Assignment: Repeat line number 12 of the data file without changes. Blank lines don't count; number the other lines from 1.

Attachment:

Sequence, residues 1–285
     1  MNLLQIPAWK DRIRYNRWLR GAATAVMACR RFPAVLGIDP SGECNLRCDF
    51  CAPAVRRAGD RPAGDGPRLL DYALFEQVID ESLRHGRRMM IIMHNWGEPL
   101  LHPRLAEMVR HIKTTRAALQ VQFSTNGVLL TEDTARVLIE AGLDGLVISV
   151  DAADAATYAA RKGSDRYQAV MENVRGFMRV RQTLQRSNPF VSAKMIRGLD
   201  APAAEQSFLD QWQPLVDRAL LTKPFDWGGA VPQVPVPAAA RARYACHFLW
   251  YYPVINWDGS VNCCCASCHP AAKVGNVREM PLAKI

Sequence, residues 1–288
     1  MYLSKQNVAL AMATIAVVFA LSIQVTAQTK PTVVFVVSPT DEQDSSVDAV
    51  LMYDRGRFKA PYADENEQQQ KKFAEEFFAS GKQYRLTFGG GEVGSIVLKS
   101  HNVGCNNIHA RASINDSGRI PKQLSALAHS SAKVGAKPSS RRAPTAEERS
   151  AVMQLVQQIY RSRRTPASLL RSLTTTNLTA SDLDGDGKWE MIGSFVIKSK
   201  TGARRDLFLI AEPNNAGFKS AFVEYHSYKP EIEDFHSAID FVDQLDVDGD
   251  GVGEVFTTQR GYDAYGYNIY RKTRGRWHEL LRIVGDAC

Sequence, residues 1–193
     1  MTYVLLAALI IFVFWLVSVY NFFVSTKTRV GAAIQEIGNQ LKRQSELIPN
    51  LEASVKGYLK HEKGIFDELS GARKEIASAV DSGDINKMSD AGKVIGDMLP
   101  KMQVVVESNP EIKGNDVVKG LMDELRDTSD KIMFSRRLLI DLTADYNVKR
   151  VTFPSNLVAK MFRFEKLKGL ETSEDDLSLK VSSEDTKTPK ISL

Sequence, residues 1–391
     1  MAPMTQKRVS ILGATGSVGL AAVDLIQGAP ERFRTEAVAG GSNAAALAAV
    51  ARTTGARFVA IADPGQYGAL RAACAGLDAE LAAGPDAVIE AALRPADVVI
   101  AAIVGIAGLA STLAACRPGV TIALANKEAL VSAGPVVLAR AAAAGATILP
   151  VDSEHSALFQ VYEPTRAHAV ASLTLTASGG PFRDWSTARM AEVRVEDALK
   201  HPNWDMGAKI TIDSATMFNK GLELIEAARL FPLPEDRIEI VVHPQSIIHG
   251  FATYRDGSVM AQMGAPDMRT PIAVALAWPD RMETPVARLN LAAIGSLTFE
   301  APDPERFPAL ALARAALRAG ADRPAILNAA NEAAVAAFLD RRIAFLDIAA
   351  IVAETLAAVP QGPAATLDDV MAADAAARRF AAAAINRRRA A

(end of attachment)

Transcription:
   151  AVMQLVQQIY RSRRTPASLL RSLTTTNLTA SDLDGDGKWE MIGSFVIKSK